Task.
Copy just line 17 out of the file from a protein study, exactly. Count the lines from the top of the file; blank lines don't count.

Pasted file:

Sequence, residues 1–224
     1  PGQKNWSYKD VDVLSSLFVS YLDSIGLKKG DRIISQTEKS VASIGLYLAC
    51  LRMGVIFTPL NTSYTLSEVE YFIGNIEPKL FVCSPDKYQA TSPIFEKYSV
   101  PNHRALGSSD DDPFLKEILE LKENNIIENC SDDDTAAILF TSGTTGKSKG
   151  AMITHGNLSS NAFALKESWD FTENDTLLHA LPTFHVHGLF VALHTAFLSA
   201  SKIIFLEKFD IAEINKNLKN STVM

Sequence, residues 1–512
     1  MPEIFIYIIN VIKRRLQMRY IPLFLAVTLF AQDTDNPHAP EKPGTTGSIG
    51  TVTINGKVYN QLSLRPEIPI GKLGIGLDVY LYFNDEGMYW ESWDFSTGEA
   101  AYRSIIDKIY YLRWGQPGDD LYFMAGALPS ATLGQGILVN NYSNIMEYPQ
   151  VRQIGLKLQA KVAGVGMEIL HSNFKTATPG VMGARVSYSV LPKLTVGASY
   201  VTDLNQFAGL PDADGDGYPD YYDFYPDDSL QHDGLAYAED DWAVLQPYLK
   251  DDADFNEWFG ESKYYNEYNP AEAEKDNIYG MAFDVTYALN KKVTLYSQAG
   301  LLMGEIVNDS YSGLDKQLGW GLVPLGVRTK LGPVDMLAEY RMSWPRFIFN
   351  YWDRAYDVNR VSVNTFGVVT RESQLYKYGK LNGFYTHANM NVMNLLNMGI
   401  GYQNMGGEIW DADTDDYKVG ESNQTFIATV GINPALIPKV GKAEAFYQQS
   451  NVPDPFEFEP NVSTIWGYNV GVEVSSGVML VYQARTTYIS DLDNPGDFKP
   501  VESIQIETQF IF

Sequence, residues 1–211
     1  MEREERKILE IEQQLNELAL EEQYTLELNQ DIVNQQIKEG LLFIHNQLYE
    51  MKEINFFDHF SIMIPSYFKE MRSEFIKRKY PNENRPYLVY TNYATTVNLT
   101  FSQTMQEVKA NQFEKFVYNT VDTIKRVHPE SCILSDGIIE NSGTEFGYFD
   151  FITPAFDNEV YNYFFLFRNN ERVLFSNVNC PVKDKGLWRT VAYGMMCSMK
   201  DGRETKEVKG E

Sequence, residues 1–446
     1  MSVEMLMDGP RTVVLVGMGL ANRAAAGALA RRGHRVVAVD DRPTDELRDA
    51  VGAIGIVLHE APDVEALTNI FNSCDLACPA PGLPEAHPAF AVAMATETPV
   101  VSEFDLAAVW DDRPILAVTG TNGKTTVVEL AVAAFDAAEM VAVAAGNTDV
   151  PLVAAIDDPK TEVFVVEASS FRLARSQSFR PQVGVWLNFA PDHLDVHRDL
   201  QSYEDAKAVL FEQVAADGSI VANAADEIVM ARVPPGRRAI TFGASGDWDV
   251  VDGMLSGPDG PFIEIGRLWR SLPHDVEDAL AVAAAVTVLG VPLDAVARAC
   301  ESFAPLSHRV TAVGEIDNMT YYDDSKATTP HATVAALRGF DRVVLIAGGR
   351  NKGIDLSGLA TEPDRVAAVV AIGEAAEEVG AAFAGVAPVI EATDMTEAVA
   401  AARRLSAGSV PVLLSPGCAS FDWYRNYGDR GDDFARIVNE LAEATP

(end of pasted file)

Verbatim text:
   451  NVPDPFEFEP NVSTIWGYNV GVEVSSGVML VYQARTTYIS DLDNPGDFKP